Great Expectations: Sharing Confidences in eu Criminal Justice

in European Journal of Crime, Criminal Law and Criminal Justice
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This paper considers the evolution of the European Union’s criminal justice competence using the analytical motif of “confidence”. In order to explain why this approach was chosen the first part describes three confidence “vignettes” –situations or senses in which “confidence” forms a key part of the narrative of the Union’s criminal justice development. Picking up upon the renaissance of interest among social scientists in the study of emotions, the paper then outlines the account of ‘Action and confidence’ that was provided by the sociologist Jack Barbalet, in the context of his seminal work, Emotion, Social Theory, and Social Structure. This is then used to provide a series of reflections on the role of confidence (and emotion more generally) in relation to the Union’s emergence as a criminal justice actor and, in turn, also on Barbalet’s account.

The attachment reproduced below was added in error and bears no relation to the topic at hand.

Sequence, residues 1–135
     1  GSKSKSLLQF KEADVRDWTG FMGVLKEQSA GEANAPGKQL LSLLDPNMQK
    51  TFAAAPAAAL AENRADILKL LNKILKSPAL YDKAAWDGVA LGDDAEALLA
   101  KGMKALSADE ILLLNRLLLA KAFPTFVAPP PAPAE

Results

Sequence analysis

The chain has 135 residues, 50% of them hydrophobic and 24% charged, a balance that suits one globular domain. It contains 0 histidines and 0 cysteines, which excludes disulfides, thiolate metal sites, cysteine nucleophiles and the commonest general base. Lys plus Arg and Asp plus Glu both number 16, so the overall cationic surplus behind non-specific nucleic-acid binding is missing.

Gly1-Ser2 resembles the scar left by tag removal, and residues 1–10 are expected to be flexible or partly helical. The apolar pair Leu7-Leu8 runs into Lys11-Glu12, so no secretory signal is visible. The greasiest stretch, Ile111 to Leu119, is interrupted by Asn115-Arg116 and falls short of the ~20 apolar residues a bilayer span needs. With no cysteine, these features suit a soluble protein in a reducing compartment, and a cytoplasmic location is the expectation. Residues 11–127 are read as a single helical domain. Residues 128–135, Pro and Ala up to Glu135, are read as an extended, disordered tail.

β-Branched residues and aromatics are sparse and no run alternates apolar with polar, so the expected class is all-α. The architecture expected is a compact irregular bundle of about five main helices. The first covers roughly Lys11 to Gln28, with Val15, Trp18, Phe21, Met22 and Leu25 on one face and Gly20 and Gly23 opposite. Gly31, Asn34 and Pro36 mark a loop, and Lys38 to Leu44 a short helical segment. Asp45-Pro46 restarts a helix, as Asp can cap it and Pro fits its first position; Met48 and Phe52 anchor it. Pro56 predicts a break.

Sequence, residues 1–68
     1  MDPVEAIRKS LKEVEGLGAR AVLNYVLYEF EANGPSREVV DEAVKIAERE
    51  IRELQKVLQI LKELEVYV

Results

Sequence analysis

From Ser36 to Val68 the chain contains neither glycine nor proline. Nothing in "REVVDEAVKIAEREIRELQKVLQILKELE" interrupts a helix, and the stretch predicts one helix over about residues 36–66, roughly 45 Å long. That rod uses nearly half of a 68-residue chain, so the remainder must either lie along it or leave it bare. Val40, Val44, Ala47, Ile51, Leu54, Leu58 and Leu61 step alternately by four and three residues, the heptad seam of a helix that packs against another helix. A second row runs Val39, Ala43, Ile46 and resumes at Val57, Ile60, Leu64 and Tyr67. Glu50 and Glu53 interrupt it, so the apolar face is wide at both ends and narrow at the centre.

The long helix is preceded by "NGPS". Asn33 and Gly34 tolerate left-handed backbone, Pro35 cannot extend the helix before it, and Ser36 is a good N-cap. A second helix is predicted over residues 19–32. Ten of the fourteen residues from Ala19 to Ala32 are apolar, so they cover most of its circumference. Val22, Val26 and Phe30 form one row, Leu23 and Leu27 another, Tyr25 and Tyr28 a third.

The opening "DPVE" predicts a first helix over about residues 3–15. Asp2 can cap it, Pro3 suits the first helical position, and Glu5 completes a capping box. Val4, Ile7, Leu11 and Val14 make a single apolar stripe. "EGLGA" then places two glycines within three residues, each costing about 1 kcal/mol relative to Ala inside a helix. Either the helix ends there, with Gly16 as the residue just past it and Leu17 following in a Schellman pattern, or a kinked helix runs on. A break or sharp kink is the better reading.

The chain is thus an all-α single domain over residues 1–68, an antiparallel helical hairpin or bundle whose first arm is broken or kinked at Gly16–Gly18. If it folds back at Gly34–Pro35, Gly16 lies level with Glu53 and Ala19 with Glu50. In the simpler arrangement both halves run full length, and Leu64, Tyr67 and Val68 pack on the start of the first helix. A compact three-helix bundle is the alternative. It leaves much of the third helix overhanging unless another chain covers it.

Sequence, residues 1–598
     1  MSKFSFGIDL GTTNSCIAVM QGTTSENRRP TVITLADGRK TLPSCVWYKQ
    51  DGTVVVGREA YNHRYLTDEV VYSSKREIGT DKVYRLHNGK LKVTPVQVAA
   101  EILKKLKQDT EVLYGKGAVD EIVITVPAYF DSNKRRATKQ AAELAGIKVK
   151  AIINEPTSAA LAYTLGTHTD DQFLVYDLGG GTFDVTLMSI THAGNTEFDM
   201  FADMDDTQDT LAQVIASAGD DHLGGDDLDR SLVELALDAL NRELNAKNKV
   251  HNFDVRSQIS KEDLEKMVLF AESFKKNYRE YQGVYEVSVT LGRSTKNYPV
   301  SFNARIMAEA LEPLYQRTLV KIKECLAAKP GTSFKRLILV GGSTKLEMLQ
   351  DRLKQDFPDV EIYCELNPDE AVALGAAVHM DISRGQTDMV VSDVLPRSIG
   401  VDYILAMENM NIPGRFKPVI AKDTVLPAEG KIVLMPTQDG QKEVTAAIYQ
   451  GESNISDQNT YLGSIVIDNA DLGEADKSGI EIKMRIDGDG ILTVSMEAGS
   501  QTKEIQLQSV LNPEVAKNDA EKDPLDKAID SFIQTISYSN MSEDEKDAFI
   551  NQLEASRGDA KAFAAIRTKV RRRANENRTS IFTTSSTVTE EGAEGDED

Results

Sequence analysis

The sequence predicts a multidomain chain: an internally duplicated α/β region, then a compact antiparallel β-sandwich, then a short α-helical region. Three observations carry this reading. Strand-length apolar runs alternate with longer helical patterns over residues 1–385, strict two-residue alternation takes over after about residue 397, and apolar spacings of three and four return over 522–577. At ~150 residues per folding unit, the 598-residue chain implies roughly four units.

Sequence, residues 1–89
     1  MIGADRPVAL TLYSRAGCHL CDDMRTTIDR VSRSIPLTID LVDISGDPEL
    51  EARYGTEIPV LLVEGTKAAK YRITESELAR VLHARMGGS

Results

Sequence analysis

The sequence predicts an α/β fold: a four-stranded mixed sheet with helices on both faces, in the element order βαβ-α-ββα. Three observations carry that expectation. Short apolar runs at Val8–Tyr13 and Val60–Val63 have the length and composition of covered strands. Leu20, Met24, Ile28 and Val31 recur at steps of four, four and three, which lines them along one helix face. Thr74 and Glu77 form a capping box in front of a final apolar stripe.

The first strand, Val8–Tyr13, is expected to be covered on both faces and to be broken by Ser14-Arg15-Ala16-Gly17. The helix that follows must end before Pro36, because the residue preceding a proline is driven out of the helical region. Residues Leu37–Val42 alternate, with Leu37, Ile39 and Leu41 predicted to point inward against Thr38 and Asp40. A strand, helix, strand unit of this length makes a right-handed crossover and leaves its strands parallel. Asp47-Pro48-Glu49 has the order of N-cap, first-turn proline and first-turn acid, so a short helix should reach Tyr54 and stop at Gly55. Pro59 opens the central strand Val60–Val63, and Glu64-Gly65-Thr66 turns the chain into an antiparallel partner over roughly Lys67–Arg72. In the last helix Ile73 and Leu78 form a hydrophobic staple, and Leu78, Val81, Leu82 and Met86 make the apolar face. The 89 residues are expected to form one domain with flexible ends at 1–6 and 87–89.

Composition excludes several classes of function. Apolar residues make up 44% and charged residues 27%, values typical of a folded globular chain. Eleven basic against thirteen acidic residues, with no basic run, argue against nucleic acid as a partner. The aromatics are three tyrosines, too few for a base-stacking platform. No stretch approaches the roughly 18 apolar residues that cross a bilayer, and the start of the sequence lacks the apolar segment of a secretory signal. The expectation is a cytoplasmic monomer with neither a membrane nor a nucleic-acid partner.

J. Barbalet, Emotion, Social Theory, and Social Action: A Macrosociological Approach (Cambridge: Cambridge University Press, 2001). It was particularly fitting to refer to his work in my inaugural lecture. During the late 1990s he was a colleague at the University of Leicester, where I was privileged to attend his own inaugural lecture.


E. Baker, ‘The European Union’s “area of freedom, security and (criminal) justice ten years on”’, Criminal Law Review (2009) 833–850, at 850.


 See further Baker, supra note 23.


 See further Baker and Harding, supra note 18.


 See, for example, Lodge, supra note 45, p. 319; P.A. Weber-Panariello, The integration of matters of justice and home affairs into Title vi of the Treaty on European Union – a step towards democracy?’, eui Working Paper rsc No.95/32, pp. 16–17.


Barbalet, supra note 11, p. 1.


Barbalet, supra note 11, p. 91.


Barbalet, supra note 11, p. 86.


Barbalet, supra note 11, pp. 87–88.


 See Juncker, supra note 9.


 See The Royal Society, Risk: Analysis, Perception and Management (London: The Royal ­Society, 1992), pp. 101–108.


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